Beyond the Pee Tape, What the Steele Dossier Got Right

Last October, I summarized what the Steele dossier got right according to publicly available information at the time. But over the last few days, there have been some significant additions to the list. Most importantly was the news from McClatchy last Friday.

The Justice Department special counsel has evidence that Donald Trump’s personal lawyer and confidant, Michael Cohen, secretly made a late-summer trip to Prague during the 2016 presidential campaign, according to two sources familiar with the matter.

Confirmation of the trip would lend credence to a retired British spy’s report that Cohen strategized there with a powerful Kremlin figure about Russian meddling in the U.S. election.

At this point, no other news sources have confirmed this report, but McClatchy has a stellar record and isn’t likely to go with a story unless they were pretty confident of their sources.

If Mueller actually has evidence as described by McClatchy, it is yet another confirmation of what was reported by Christopher Steele. The next step would be to confirm the purpose of the trip. That is the truly explosive part of the dossier. To summarize, it reported that initially Paul Manafort was the Trump campaign’s chief contact with the Russians, but when he was fired, Michael Cohen took over. Here is how the dossier described the purpose of the Prague meeting:

In other words, one of the main topics of the meeting in Prague was to discuss how to handle payments to the hackers who had “worked in Europe under Kremlin direction against the Clinton campaign.” About those payments, it was reported that they “had been paid by both Trump’s team and the Kremlin.” If that turns out to be true, it is game, set and match for a criminal conspiracy.

Given that the hackers were a primary focus of this meeting, this tweet from the foreign policy adviser to Vice President Joe Biden is significant.

We know a couple of things about Nikulin (hat tip to Lawrence Lewis for connecting these dots). First of all:

An alleged computer hacker being held in the Czech Republic is at the centre of an international legal tussle between the United States and Russia amid lingering disquiet over Moscow’s alleged interference in the recent US presidential election.

Yevgeniy Nikulin, 29, faces extradition requests from both countries after being detained by Czech police on an Interpol arrest warrant issued by US authorities.

Secondly, a little more than two weeks ago Reuters reported that Nikulin, who had been extradited to the U.S., entered a not guilty plea in the U.S. District Court in San Francisco.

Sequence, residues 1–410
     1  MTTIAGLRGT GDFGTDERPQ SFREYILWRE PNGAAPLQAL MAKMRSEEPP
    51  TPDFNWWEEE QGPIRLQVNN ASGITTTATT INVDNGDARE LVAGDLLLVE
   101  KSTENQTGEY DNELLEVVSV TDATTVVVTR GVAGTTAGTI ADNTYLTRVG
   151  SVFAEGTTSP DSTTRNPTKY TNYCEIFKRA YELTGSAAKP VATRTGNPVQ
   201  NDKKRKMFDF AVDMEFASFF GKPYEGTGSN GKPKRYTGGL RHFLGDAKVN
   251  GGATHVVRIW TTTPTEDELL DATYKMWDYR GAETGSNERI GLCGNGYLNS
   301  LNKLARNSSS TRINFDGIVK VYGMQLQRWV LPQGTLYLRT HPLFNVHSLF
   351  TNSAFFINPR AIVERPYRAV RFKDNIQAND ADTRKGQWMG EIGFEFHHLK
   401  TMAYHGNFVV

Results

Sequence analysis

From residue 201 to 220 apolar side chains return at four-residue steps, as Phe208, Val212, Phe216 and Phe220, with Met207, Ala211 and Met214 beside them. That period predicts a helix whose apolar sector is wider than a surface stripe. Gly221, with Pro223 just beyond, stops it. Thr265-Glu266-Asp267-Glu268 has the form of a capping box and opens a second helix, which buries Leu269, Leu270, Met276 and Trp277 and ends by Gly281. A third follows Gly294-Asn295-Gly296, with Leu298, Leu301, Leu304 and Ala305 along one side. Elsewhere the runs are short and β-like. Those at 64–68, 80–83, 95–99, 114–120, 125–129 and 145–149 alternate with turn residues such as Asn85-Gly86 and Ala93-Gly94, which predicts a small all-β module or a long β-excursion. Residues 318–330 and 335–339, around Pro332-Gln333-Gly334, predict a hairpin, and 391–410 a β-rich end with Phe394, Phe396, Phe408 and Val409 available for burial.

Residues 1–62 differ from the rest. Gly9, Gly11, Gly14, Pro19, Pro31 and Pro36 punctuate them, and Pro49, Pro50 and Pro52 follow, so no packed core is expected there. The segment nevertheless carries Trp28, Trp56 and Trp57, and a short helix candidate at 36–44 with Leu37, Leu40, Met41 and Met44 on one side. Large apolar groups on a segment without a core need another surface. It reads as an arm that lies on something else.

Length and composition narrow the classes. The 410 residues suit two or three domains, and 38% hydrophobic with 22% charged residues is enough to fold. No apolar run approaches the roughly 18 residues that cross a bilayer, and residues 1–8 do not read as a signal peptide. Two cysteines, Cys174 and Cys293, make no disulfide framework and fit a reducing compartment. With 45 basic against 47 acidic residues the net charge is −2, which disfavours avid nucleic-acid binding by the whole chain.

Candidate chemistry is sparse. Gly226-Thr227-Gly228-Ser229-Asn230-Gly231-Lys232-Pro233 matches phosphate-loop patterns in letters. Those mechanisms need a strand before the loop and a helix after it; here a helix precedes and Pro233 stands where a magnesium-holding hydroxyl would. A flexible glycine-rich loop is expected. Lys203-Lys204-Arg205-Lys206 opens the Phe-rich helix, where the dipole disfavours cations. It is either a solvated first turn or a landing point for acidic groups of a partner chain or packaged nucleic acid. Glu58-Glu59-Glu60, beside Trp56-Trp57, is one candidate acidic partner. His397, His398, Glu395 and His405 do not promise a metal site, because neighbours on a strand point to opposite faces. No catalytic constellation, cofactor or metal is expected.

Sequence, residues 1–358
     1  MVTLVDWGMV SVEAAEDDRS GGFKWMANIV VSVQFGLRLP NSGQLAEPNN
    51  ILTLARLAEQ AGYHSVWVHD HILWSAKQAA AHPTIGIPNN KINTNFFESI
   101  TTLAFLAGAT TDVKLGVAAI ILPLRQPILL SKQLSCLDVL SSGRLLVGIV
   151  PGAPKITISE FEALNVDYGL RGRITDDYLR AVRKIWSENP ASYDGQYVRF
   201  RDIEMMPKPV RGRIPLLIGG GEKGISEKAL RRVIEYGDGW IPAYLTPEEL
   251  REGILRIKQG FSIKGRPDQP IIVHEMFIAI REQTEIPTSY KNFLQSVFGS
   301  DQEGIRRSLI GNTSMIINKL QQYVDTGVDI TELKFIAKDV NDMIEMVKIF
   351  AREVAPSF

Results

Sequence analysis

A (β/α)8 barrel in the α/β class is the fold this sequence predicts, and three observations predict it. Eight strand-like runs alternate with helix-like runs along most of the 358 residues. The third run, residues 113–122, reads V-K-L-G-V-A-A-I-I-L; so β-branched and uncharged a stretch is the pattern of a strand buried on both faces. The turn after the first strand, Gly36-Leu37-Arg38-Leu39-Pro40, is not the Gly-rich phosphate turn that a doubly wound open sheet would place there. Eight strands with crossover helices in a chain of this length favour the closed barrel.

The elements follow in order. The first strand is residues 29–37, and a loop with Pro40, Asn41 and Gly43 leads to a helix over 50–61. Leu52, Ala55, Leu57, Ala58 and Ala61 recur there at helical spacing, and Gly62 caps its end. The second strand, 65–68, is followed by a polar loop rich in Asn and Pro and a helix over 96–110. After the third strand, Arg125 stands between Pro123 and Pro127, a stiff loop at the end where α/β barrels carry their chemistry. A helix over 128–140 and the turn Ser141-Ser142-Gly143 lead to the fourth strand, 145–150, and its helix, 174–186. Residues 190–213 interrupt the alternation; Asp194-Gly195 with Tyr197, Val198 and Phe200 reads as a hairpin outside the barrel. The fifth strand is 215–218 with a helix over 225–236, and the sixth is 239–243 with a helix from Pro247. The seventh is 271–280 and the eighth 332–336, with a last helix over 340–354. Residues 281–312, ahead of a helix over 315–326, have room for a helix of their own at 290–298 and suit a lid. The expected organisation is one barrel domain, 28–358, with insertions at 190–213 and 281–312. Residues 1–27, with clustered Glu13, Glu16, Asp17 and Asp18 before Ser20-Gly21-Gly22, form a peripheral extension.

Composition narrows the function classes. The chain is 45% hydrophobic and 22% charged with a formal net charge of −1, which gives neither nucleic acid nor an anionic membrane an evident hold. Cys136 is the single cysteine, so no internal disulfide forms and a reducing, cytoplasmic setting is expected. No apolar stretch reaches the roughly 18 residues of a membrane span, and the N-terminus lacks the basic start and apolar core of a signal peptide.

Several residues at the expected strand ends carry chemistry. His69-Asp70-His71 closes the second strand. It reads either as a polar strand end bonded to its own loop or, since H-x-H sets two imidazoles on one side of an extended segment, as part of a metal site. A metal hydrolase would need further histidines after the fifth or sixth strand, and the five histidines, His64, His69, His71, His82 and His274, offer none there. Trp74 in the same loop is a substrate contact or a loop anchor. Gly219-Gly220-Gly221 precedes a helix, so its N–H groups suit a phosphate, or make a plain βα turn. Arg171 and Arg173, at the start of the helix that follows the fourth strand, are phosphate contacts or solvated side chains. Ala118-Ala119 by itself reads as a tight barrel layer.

Once again we are faced with a series of data points that might or might not be a coincidence. Nikulin, a Russian hacker, was in Prague at the time of the alleged meeting between Cohen and the Russians in which payment to hackers was the primary agenda. Then the McClatchy story breaks a couple of weeks after Nikulin makes his first U.S. court appearance. Coincidence? You tell me.

One more note on the possible confirmation of the Steele dossier. It has been widely reported that Trump and his aides are more worried about the investigation into Michael Cohen than they are about the Russia probe. I will once again remind you of what Adam Davidson wrote about Cohen’s roll with the Trump organization.

Michael Cohen is the most important non-Trump in the Trump business world. He oversaw nearly all the foreign deals as the Trump Org shifted its focus to sketchy third-tier overseas oligarchs…We know, of course, that the Trump Org did business with corrupt politicians, sanctions-violators, money launderers, etc. The only open question is how much they knew about their partners’ activity. Cohen knows how much they knew. He knows what he told them.

The concern about the Cohen investigation lines up pretty well with what the Steele dossier reported.

Keep in mind that the main focus of the Republican attempts to distract us from the Russian investigation has been to claim that the Steele dossier was a politically driven collection of “fake news.” But the more we learn about both the Trump campaign and organization, the more it is being corroborated. All of this is much more significant than whether or not there is actually a so-called “pee tape.”

Nancy LeTourneau

Nancy LeTourneau is a contributing writer for the Washington Monthly.